Equipment And Performance

by Will Landrum

I recently had the pleasure of being invited to submit an MP3
to, an outstanding guitar community site for
advancing guitarists. After
doing so, I received several positive emails regarding the
tune and the educational write-up that I supplied with the

Here it is today with some added content and tablature for you
to check out.

The name of the tune is "Hour Champion" and it was written
in a drop D tuning. What that means is that I simply tuned
my sixth string, which is E, down a whole step to D. That's
what gives it such a beefy low intro riff and chorus rhythm.

Now, another way to get a totally heavy sound is to tune all
six of your strings down a whole step. This is actually easier
than what I did with "Hour Champion" because all of your chord
and note fingering is the same as always. The notes of your
open strings would now be:

6 = D
5 = G
4 = C
3 = F
2 = A
1 = D

If you use a tuner, it will have to have the capability to
recognize these notes. Otherwise, you can simply tune the
low E down to D in comparison with the normal fourth
string D. (one octave lower) Once you have the sixth string
tuned down, just use relative tuning from the sixth string.

Also, when you tune down like this, you may want to use a
heavier gauge string. I usually use lite's which are:

Lite Gauge Strings:
E 042
A 032
D 024
G 016
B 011
E 009

But when I tune all my strings down a whole step, 10's give
me a much better tone and feel.

Regular Gauge Strings:
E 046
A 036
D 026
G 017
B 013
E 010

The chorus melody of "Hour Champion" is an expansion of
sweep picking a Dm arpeggio. I opened up the sound of the Dm
arpeggio by using a combination of wider intervals, normal
arpeggio intervals and normal scale intervals.

For instance, the first three notes of the melody are part
of a D sweeping 5th arpeggio. This is when I totally omit
the 3rd of the arpeggio and just sweep pick the 1st's and

Just after that, it chimes in with a partial 2nd inversion
Dm arpeggio starting at the 14th fret. My arpeggios are
fluid. What I mean is that I sweep pick arpeggios one note
per string across all six strings for speed and efficiency.
In this case however, I have "chopped" the arp in half and
only play it on the first, second, and third strings.

The ending phrases after the partial Dm arpeggio are
centered on the 13th, 15th and 17th frets, first and second
strings in the Ionian/Locrian multi-position pattern. I can't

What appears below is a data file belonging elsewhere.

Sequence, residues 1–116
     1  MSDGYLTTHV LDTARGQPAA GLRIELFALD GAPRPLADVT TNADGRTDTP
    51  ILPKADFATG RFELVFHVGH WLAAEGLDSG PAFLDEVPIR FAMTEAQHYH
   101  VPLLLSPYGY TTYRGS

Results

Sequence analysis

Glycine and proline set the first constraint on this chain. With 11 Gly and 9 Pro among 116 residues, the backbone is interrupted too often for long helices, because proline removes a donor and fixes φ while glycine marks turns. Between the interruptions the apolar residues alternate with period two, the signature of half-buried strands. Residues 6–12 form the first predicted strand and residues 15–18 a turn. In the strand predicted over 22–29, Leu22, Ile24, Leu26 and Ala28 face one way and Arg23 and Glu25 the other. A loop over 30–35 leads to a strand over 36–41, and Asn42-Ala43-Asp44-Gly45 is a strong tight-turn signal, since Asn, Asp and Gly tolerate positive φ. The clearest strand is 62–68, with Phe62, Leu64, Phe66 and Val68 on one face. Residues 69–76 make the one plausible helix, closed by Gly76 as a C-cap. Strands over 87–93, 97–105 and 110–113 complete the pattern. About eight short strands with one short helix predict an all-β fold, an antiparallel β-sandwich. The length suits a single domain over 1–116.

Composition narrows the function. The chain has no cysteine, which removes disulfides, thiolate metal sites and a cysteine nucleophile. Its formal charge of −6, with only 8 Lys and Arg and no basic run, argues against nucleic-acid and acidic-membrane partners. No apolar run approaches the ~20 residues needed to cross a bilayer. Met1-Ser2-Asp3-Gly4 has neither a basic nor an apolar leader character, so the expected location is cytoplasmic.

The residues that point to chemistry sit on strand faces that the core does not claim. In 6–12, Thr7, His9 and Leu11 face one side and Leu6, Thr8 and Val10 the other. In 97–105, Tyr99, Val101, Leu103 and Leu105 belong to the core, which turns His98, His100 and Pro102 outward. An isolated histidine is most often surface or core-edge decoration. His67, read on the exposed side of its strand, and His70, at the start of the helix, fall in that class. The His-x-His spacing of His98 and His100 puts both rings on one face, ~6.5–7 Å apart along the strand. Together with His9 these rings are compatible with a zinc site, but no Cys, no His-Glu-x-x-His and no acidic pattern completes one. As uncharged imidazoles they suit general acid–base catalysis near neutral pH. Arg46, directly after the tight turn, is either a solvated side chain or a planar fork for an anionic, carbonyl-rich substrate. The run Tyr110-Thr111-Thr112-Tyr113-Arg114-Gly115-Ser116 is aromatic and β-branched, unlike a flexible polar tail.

stress enough how important it is for you to memorize all of
the modal scale patterns. Your creativity will skyrocket
when you do.

Here's the tab for the arpeggiated chorus melody:

Need help reading tablature?

Part A
         \  \         po
E ----------------------------------13-17-13--------
B ------15-17-18-17-15-13-10-----15----------15-----
G ---14-----------------------14----------------14--
D 12------------------------------------------------
A --------------------------------------------------
E --------------------------------------------------
Part B
             \    po po    po po    ~~~~
E -------------------------17-15-13-----------------
B ------15-17-18-17-15-13-----------17-15-13-17-----
G ---14---------------------------------------------
D 12------------------------------------------------
A --------------------------------------------------
E --------------------------------------------------

-- Repeat Part A --

Part C
             \    po po    po po       ~~~~
E -------------------------17-15-13----------15-----
B ------15-17-18-17-15-13-----------17-15-13----15--
G ---14---------------------------------------------
D 12------------------------------------------------
A --------------------------------------------------
E --------------------------------------------------

Another important aspect to this beefy rhythm sound is the
effects that I used. I used a Roland GP-16 guitar processor
with no post amplification. I just plugged my guitar into
the processor and plugged the output of the processor into
the 4-Track. Oh yeah...this tune, and my entire CD was
recorded on a Tascam 4-Track!

The GP-16 has multiple effects that I combined to get the
heavy sound. Surprisingly, out of distortion, compression,
noise filtering and equalization, the secret to the sound is
in the parametric equalization. I adjusted the mids and
highs until I got a tone that I liked, and then boosted the
lower 250hz range. Increasing the 250hz area gives your
guitar a bass punch that simulates a loud stack of amps.
Totally cool, since I was recording at home with headphones!

I used (and still use) a Westone Spectrum FX guitar that I
got in the 80's. I had the rear pickup replaced with a signal
sucking Dimarzio and the entire neck has been scalloped.

I really like the scalloped fretboard. It gives me much more
control of the notes because there is no wood rubbing against
my fingertips. If you're not familiar with a scalloped neck,
here's a side view of mine -

I must admit, most guitarists I talk to can't stand
scalloping or the idea of it. I, however, am sold. I'll always
have my guitars scalloped because of the benefits I gain.

When I first started playing my scalloped neck, I had trouble
with my first string at the high frets being pulled off of
the neck. You know why I was pulling it off? Because I wasn't
fretting the note straight down like I should have been. Prior
to scalloping, the wood contacting my fingers helped "cover"
my fretting inaccuracy.

On a final note, (no pun intended) the reason I switched to
a scalloped board is control. I "test drove" a scalloped
guitar and immediately realized that I could control my bends
and vibrato much better on all strings at all frets.

That's what I mean by control...'s just your fingers and the strings.

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